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August 2020 COVID Update: Shift to Actively Looking for Work May Signal Slowing Recovery

Following April’s sharp rise, unemployment has declined since May 2020 for people with and without disabilities, accompanied by a marked shift in
the proportion on temporary layoff/furlough to actively looking for work, as jobs are permanently lost. This shift may be a sign that economic recovery is slowing.    



nTIDE experts examine factors underlying the fluctuations in unemployment numbers for people with and without disabilities

nTIDE, COVID chart with unemployment statistics

East Hanover, NJ. September 22, 2020. While the number of unemployed people with disabilities has slowly declined since May 2020, there is more to this picture. “Looking at August’s numbers, we are also seeing a substantial decline in the unemployed who are waiting to be recalled from temporary layoff or furlough,” says economist Andrew Houtenville, PhD, research director of the University of New Hampshire Institute on Disability. “Approximately 2 out of 3 unemployed persons with disabilities are no longer on furlough. They are actively looking for work.  This shift toward looking for work may be a sign that recovery is slowing,” he cautions. Will this shift continue? “We need to follow these numbers closely. The longer the effects of the pandemic persist, the more likely we are to see this shift continue.”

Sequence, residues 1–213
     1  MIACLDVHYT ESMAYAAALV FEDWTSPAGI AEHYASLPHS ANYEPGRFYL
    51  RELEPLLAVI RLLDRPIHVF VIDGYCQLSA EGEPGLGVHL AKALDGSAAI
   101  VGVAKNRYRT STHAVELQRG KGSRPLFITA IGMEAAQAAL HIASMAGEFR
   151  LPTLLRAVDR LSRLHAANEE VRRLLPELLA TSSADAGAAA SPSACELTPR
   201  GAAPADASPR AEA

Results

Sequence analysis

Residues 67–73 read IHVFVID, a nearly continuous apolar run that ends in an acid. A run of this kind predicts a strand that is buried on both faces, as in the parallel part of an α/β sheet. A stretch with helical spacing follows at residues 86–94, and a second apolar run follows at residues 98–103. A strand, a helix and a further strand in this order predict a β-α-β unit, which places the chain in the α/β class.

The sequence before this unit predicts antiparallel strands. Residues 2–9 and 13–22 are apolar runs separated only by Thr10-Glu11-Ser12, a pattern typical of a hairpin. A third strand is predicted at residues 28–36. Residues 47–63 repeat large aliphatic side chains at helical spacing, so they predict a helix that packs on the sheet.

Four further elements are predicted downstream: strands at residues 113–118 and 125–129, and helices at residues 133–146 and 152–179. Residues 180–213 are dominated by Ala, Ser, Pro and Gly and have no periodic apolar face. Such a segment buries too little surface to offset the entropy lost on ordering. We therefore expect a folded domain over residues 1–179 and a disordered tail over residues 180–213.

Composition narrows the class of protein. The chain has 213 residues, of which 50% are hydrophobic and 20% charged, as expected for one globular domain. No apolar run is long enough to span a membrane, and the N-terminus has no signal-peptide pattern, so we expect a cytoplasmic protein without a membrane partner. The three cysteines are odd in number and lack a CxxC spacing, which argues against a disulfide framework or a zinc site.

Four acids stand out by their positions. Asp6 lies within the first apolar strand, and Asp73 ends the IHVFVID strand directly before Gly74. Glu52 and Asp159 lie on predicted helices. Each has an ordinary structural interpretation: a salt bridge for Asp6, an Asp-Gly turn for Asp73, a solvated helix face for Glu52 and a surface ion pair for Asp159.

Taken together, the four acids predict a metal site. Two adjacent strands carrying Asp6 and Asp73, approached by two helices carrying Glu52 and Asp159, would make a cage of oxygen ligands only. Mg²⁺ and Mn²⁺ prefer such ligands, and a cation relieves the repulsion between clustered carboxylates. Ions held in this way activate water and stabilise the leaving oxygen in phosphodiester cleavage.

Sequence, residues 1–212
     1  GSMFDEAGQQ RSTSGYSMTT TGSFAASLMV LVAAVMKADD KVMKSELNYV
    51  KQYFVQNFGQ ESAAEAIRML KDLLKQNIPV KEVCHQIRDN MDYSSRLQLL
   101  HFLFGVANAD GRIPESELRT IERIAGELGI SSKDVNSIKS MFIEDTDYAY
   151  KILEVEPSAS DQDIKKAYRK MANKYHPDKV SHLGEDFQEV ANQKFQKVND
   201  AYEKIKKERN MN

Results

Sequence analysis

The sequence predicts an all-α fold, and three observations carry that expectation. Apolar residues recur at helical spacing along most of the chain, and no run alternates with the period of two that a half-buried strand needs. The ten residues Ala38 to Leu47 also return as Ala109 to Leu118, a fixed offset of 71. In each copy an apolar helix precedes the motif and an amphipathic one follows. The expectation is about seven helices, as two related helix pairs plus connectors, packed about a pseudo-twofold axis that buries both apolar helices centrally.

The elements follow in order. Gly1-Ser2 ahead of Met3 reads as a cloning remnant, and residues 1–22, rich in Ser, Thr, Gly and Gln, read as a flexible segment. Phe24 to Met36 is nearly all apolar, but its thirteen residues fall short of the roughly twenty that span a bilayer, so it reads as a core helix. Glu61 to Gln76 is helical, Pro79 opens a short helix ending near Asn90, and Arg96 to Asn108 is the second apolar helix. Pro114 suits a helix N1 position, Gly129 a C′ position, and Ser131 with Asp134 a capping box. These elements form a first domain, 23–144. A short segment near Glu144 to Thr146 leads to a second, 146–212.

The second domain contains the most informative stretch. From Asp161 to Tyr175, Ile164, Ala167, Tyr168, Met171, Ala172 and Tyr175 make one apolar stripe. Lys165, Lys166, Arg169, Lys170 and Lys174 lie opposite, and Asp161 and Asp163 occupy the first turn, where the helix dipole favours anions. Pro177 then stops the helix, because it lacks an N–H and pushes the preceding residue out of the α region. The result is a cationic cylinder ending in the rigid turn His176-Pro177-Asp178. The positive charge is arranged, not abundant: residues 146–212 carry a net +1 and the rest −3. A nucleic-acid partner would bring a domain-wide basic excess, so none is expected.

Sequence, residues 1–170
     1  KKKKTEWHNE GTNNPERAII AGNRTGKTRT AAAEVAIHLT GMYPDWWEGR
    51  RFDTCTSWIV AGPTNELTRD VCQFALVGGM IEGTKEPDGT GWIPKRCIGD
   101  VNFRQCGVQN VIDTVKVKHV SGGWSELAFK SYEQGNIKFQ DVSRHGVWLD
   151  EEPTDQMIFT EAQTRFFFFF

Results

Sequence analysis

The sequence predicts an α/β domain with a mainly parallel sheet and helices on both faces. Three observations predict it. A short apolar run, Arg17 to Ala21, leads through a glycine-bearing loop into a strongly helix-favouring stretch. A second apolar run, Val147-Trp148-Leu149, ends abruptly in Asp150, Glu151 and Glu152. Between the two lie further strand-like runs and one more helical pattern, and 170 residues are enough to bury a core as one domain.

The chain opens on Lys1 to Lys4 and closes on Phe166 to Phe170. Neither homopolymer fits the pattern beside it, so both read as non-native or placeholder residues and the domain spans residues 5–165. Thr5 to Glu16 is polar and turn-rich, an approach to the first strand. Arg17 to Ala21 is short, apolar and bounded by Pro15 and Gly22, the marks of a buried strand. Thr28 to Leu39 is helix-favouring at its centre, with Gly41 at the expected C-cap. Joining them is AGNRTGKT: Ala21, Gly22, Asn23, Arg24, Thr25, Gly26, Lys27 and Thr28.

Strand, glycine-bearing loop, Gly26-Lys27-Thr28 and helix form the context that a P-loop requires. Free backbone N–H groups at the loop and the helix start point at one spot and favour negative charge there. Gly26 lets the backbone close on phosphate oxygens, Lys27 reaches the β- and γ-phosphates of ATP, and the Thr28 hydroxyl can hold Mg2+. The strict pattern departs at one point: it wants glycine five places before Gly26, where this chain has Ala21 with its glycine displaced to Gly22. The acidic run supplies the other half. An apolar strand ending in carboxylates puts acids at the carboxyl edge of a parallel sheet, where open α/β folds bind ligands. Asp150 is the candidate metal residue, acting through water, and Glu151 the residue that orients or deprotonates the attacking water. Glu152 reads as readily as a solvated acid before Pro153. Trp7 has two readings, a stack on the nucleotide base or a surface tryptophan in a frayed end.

Dr. Houtenville emphasizes that regional differences in economic recovery are causing marked variation in the employment picture across the U.S. “Recovery is hindered by closures due to COVID-19 outbreaks,” he adds.

Impact on employment for people with disabilities is an ongoing concern. One strategy for preventing permanent job losses is to focus efforts on helping furloughed workers return to their jobs, according to John O’Neill, PhD, director of the Center for Employment and Disability Research at Kessler Foundation.

“At Job Path, a disability service provider in New York City, for example, the staff is laser-focused on helping furloughed workers return to their jobs.”  As a result, there have been relatively few permanent layoffs for the people with developmental disabilities in Job Path’s supported employment program.   ”Staff are also spending a lot of time connecting with employers, encouraging them to maintain their commitment to hiring workers with disabilities,” reports Dr. O’Neill, “and gaining insight into how customized employment can help meet the needs of the workplaces of the future.”  

Interested in trends on disability employment? Contact Carolann Murphy to arrange an interview with our experts: [email protected].

Register for our next nTIDE Jobs Report on October 2, 2020 at